21. The council on the Feast of St. George and current issues of Ukrainian politics: Vyhovsky’s account (134); the negative attitude toward Poland (134-35); the breakdown of negotiations—Krzysztof Tyszkiewicz’s letter to the hetman (136). Swedish and Transylvanian relations (137). Patriarch Nikon’s letter to the metropolitan (137). The replacement of the Kyivan voevoda—instructions issued to the new voevodas on 1/11 May (138-39). An inquiry into the Belarusian affair (139
    22. Emigration and revolts: Muscovite tactics with respect to Ukrainian emigration (142-43); the hetman’s claims in connection with emigration (143-44); the danger stemming from it (144-45); the hetman requests the tsar to issue firm directives to the voevodas (145); the Muscovite government’s two-faced policy in this matter—correspondence about the Torets River tradesmen ( 145-46); the dynamic settlement of the Sloboda region by Ukrainian emigrants in 1655 (146). The hetman’s plans for a campaign against the Sloboda region to disperse the emigration (146-47). The ‘great revolts’ of the Cossacks ( 147); the uprising of Grisha Nebliadin (147); the hetman’s march to the Muscovite border (148). Rumors of Cossack revolts from the summer of 1656 (148-49).

    23. XI. The ‘Muscovite Betrayal’ and the New League (Summer 1656-Spring 1657). - 150
    24. The negotiations in Vilnius and their reverberations in Ukraine: Muscovy’s truce with Poland and breach with Sweden (150-51); Moscow informs the hetman about this (151); the hetman responds with Ivan Skorobohaty’s diplomatic mission of 7/17 June (151); the instructions to Skorobohaty (152-53); Vasilii Kikin is dispatched with information (153); Roman Haponenko’s mission (153); the demands of the Host to be taken into consideration with respect to a treaty (153-54); the hetman cautions the tsar against an agreement with the Poles ( 154-55); his letter in this matter to Andrei Buturlin ( 155). The Cossack officers’ indignation at the treacherous conduct of the Muscovite government (156); the officers’ subsequent mentions of it in a manifesto to foreign states (157-58). Polish measures concerning an understanding with the Cossacks: the letters of Krzysztof Tyszkiewicz and Jan Leszczyński (158-59); Dionysii Balaban’s mission (159); the Poles simultaneously discredit the Cossacks in the eyes of Muscovy (159-60); in particular, they reveal Khmelnytsky’s relations with the Swedes and György Rakóczi II (160-62).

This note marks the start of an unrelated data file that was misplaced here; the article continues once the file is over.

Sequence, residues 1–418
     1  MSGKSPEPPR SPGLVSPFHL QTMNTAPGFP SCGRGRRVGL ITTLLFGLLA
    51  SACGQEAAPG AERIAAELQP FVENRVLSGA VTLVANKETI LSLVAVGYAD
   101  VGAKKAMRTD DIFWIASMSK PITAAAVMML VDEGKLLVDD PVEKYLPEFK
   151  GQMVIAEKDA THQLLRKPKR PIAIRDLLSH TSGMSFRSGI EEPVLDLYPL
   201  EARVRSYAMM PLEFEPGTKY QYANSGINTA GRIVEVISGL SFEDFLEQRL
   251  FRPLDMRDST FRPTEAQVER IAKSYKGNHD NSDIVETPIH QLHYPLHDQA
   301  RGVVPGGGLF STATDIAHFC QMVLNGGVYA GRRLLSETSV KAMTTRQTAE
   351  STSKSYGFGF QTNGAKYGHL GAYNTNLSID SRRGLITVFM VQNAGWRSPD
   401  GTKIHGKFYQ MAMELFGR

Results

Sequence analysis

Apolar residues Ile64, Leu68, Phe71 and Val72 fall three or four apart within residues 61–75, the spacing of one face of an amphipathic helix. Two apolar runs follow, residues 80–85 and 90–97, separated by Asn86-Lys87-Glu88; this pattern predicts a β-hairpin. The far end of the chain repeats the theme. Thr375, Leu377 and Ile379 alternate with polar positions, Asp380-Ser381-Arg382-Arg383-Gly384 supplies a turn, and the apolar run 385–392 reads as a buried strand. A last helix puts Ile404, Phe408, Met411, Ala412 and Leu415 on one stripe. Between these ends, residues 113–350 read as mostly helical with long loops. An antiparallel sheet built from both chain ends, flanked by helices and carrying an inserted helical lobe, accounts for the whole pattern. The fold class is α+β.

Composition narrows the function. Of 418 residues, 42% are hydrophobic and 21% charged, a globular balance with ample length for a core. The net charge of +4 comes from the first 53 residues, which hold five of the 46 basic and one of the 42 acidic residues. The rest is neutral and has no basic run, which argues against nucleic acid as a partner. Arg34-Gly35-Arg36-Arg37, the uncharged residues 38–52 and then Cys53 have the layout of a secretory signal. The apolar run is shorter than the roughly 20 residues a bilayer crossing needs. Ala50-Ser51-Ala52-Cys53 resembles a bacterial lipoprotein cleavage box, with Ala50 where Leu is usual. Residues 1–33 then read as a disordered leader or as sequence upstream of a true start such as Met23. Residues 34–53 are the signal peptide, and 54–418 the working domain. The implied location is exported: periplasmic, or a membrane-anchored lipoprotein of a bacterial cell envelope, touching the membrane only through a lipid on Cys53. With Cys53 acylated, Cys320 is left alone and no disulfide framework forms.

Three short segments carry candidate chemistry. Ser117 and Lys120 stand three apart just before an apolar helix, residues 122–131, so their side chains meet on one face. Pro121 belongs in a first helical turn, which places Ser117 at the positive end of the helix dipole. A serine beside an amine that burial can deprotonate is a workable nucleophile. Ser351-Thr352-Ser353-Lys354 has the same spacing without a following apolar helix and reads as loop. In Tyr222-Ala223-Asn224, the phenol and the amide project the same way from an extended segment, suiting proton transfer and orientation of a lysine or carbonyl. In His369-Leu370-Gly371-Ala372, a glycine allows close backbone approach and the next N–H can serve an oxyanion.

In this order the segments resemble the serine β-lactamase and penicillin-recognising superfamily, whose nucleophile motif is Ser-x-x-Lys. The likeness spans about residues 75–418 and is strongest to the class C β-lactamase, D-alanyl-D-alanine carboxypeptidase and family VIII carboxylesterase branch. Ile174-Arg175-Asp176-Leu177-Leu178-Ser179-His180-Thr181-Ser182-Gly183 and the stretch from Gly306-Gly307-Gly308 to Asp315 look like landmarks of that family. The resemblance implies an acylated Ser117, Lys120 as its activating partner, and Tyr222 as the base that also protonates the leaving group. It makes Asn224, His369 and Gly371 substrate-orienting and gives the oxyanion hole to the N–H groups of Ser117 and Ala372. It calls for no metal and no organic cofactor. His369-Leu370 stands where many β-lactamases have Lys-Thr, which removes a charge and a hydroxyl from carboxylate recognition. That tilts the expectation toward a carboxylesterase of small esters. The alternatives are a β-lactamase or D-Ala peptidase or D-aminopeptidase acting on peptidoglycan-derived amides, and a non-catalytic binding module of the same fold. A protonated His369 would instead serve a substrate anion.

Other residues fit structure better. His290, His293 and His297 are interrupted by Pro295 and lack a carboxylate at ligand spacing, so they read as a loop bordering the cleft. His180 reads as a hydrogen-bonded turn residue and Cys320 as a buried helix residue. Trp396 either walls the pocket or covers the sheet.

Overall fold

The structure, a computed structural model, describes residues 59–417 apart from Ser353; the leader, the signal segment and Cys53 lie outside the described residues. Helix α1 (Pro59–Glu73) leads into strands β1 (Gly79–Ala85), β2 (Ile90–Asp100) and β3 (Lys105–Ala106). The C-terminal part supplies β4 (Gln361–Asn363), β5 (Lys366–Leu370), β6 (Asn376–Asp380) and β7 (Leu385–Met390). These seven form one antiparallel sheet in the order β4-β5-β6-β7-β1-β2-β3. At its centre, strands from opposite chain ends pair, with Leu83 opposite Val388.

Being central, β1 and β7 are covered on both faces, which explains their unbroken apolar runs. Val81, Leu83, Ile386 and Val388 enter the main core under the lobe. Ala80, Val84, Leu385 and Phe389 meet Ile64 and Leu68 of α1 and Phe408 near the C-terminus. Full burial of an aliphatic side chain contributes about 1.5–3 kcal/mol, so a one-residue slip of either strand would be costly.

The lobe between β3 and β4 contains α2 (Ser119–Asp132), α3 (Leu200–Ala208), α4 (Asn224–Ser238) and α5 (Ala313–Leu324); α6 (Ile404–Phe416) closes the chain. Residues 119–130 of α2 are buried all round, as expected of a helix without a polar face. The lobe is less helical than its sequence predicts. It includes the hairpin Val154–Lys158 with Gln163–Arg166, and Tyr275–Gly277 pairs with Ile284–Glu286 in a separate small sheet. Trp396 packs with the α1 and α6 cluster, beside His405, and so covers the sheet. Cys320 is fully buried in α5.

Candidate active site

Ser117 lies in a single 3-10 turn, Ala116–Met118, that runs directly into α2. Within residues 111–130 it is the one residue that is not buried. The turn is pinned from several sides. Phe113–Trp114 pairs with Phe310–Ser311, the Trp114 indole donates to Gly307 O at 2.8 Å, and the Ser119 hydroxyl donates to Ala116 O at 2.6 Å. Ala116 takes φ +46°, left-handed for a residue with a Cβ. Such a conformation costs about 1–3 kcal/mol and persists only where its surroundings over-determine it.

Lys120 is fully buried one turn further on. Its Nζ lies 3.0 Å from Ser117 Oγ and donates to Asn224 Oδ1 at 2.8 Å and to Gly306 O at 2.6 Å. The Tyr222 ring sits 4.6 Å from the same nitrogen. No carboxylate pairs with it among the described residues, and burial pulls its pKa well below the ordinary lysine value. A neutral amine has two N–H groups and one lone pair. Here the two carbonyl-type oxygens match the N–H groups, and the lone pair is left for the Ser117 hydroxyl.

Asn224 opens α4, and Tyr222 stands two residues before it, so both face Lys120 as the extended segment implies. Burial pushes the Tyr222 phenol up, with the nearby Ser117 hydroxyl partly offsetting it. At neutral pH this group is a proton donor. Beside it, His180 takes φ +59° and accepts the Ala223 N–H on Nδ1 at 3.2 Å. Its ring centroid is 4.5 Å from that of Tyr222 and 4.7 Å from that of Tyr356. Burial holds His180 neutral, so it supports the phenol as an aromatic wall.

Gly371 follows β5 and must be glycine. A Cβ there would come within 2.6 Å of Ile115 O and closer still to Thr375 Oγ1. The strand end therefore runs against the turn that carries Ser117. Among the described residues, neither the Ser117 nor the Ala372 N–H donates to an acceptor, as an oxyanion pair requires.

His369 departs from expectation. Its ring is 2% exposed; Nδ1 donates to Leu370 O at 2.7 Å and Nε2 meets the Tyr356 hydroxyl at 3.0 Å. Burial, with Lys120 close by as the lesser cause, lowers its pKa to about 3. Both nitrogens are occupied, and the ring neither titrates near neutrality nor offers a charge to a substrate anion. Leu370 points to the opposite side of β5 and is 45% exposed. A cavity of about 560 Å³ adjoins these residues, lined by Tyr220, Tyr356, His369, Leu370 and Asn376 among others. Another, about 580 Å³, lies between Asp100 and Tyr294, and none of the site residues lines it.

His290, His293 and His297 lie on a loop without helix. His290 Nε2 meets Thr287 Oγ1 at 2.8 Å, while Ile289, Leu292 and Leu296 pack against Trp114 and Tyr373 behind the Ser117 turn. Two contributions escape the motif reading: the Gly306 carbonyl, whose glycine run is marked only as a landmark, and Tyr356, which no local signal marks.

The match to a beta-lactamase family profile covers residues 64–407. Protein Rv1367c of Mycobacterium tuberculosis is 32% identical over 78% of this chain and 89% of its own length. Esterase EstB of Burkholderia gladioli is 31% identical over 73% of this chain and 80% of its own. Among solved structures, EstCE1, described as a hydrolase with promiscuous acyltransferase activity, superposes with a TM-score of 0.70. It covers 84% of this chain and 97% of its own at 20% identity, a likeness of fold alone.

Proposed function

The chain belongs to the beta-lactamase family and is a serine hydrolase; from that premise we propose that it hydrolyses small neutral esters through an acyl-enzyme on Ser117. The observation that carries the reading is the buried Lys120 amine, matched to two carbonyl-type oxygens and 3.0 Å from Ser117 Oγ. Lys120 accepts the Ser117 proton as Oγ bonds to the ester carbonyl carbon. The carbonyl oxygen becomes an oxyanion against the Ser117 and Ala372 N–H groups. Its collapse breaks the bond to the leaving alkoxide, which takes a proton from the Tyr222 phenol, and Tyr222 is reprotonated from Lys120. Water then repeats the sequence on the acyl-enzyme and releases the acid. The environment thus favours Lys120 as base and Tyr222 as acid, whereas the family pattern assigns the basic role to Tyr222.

25. The actual progress of the Vilnius meetings (162-63); the Muscovite plan of demarcation (4 October) (163-64); Polish ‘drafts’ (164-65); rumors circulating among the Cossacks about the Vilnius negotiations (165-66); the Cossack officers’ meetings concerning them (166); Pavlo Ianenko-Khmelnytsky’s account (166); Ostafii Vyhovsky’s account (166); the documents of the Vilnius commission are received by the Cossack officers (167-69); Ostafii Vyhovsky on their impact (169-71); the hetman’s fury (170); the ‘Muscovite betrayal’ (171). News in Moscow about this mood—the dispatch of Vasilii Kikin (171); a conversation with Ivan Vyhovsky in November (172). Ivan Fomin is dispatched (173); the hetman’s letter of 9/19 December to the tsar (173-74); Avram Lopukhin is dispatched (174); the order issued to him (175).